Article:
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Strong and weak cold pool collisions




Falk, Nicholas Michael, author
van den Heever, Susan C., advisor
Schumacher, Russ S., committee member
Venayagamoorthy, Subhas K., committee member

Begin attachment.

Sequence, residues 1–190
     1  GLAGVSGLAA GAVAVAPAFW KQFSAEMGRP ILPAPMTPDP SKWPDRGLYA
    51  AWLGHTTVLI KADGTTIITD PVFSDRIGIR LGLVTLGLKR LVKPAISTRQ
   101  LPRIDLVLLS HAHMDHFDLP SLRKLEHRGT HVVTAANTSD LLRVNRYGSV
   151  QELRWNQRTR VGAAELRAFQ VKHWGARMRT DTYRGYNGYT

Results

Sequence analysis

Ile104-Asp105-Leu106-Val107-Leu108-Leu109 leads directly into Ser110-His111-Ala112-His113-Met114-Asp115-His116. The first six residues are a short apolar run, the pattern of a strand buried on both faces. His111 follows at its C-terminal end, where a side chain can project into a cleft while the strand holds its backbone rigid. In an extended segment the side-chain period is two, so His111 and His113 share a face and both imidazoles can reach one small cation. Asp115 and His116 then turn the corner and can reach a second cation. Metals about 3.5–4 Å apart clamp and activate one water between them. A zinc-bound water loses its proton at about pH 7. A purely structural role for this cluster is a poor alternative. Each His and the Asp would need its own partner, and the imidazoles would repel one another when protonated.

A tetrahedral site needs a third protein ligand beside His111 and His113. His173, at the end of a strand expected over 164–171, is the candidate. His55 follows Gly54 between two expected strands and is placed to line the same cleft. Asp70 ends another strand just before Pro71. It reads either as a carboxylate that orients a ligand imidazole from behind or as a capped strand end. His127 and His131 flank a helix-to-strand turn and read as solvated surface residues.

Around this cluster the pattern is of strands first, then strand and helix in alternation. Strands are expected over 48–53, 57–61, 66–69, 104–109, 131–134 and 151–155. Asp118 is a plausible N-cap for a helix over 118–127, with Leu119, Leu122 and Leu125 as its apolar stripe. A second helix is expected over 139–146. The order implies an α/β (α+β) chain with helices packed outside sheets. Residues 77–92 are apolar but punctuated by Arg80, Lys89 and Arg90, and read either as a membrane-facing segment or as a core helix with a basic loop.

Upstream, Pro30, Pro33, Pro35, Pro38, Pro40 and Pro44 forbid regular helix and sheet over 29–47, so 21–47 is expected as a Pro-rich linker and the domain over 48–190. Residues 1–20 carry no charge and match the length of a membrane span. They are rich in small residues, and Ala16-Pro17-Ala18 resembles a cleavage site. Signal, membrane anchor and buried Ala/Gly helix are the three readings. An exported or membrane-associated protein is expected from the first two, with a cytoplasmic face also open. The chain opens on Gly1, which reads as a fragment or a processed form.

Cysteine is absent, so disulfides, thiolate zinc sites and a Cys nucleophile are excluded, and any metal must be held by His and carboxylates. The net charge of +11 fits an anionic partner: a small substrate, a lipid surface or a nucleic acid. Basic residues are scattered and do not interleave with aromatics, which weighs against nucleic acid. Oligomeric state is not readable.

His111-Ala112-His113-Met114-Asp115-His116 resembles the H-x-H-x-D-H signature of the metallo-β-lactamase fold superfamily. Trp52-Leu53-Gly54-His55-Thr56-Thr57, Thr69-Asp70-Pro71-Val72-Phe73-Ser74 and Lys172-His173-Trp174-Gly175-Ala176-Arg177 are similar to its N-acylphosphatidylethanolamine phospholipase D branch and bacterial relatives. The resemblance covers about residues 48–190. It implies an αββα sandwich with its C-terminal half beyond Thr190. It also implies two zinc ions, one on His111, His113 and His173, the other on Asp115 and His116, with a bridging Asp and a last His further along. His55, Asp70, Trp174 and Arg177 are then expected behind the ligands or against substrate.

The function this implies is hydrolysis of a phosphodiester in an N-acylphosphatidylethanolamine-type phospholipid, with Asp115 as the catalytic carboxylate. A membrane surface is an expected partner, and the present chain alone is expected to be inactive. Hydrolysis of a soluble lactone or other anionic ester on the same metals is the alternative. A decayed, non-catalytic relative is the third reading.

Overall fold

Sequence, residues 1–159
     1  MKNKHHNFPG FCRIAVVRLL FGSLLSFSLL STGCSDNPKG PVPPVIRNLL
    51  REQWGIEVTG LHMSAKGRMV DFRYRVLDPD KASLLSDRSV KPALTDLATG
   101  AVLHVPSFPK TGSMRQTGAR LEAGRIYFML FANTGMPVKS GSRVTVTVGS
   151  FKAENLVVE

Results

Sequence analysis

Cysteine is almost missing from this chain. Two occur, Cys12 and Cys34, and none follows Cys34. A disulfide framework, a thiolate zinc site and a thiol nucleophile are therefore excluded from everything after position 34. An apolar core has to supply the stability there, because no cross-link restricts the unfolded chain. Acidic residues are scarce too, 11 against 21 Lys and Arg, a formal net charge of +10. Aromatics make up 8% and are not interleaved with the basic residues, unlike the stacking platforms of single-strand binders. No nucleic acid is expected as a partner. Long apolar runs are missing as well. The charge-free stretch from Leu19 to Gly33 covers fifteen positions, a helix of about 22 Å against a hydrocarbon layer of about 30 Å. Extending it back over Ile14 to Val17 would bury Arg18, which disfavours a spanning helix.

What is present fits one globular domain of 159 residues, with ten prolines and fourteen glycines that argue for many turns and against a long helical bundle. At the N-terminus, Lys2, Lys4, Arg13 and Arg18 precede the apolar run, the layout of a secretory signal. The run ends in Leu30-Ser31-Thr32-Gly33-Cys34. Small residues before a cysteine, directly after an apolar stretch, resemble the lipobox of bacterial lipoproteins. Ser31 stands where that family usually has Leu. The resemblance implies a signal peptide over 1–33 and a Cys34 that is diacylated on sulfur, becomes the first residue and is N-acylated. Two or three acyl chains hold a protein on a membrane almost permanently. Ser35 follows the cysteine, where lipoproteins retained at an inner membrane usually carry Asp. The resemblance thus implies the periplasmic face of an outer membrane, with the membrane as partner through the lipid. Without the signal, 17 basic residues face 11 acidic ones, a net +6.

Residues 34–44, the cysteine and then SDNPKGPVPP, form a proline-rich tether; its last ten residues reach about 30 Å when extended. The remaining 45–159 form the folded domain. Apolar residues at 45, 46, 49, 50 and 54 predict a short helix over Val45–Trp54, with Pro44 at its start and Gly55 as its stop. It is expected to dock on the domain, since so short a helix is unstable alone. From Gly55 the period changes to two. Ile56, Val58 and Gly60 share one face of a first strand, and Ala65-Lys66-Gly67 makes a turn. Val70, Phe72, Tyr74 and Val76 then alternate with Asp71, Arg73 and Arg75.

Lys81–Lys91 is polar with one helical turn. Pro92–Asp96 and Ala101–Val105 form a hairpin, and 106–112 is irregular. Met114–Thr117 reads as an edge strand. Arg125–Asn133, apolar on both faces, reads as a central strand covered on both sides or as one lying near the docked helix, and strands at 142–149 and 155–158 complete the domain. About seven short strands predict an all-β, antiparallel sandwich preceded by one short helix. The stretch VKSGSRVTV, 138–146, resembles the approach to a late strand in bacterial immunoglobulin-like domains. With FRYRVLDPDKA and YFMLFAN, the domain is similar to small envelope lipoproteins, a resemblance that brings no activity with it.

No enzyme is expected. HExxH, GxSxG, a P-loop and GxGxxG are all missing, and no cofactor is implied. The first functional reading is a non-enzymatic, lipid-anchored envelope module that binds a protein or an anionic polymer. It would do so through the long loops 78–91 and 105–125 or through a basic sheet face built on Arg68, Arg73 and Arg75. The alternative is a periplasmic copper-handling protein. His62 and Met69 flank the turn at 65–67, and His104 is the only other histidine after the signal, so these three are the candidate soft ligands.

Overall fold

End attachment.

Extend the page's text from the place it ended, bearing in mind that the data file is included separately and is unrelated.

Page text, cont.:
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Collisions between convective cold pools commonly initiate new convective storms. This occurs through enhancements to the vertical velocity through mechanical forcing, and increased water vapor content via thermodynamic forcing. The goal of this study is to investigate the impact of the following four parameters on the mechanical and thermodynamic forcing associated with cold pool collisions: (1) the initial temperature perturbation of cold pools, (2) the initial distance between cold pools, (3) the environment in which cold pools exist, and (4) the strength of atmospheric diffusion. To achieve this goal, the dynamical and thermodynamical processes of colliding pairs of cold pools is investigated using a two-dimensional, high- resolution non-hydrostatic anelastic model. The four parameters of interest were varied across a wide range of values in a model suite comprised of 11,200 large eddy simulations in total. To facilitate our analysis, a classification of cold pool collisions into categories of "mechanically strong" and "mechanically weak" is proposed. "Mechanically strong" cold pool collisions occur when the updraft velocities resulting from the collisions are greater than those produced by the flow of air forced up the leading edges of individual cold pools. In "mechanically weak" collisions, the updraft velocities produced by individual cold pools are greater than those from cold pool collisions. An analogous classification of "thermodynamically strong/weak" collisions is also proposed. The results of this analysis show that the initial temperature perturbation of the cold pools has the largest impact on mechanical and thermodynamic forcing from cold pool collisions. Colder cold pools have greater horizontal wind velocities at their heads, leading to greater near- surface horizontal convergence when they collide. This in turn leads to greater updraft velocities which are also more effective at advecting water vapor upwards. The second largest impact on mechanical and thermodynamic cold pool forcing is from the environment in which the cold pools exist. Due to a decreased vertical gradient of potential temperature, weaker low-level static stability increases mechanical forcing as the air lofted by the collisions is decelerated less by negative buoyancy. Environments with larger low-level vertical moisture gradients are associated with increased thermodynamic forcing through enhanced vertical moisture advection. The initial edge-to-edge distance between the cold pools has the third largest impact on the proxies for convective initiation. Mechanical forcing is found to peak at an optimal initial distance between cold pools of ~2.5 km due to a balance between the creation and dissipation of kinetic energy. Thermodynamic forcing, on the other hand, peaks for much greater initial cold pool distances than those associated with the mechanical forcing. This is likely a result of the faster updraft winds generated during collisions for closely spaced initial cold pools also being more effective at advecting moisture away during the collision, thereby decreasing the thermodynamic forcing. The smallest impact on the proxies for convective initiation comes from the atmospheric diffusion rate which impacts cold pool strength through mixing. Thus, this work finds that convective initiation becomes increasingly likely from a cold pool collision when the cold pools are colder, the environment is less stable and has a greater vertical water vapor gradient, the cold pools start close to some optimal separation distance, and the atmospheric diffusion rate is low.


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